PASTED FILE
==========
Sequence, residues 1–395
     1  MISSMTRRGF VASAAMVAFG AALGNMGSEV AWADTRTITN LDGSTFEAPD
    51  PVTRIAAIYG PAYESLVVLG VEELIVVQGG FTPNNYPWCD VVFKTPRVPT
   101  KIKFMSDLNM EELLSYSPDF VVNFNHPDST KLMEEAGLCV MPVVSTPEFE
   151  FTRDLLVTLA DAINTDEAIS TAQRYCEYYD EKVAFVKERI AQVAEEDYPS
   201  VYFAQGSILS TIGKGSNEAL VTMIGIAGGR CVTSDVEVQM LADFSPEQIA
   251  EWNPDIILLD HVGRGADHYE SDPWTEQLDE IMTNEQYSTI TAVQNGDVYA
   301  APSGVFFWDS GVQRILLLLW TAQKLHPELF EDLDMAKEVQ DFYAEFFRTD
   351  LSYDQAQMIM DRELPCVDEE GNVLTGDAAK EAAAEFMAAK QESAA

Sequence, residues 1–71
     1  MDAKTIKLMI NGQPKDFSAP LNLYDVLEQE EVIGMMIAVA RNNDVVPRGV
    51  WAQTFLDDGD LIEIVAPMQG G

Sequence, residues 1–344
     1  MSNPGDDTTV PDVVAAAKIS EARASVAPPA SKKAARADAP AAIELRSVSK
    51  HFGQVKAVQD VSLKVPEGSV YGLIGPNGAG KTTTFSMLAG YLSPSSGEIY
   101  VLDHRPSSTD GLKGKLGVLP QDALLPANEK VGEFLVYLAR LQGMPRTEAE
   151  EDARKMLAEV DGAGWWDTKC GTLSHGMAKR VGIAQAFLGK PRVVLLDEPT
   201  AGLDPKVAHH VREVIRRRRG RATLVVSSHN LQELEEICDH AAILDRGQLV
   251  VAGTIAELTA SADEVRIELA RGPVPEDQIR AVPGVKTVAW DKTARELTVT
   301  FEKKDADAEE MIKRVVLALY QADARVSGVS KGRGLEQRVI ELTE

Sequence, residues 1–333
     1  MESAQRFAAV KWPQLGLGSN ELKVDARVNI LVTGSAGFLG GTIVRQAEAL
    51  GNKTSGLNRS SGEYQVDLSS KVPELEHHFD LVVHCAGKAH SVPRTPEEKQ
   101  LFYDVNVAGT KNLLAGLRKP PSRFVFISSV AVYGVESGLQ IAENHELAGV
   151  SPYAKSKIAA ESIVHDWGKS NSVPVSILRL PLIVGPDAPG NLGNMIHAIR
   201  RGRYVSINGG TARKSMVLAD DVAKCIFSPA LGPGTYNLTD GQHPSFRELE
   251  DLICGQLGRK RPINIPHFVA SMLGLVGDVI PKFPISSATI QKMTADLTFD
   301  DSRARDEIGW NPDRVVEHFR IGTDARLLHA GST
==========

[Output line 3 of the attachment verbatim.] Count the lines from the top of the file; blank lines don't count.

    51  PVTRIAAIYG PAYESLVVLG VEELIVVQGG FTPNNYPWCD VVFKTPRVPT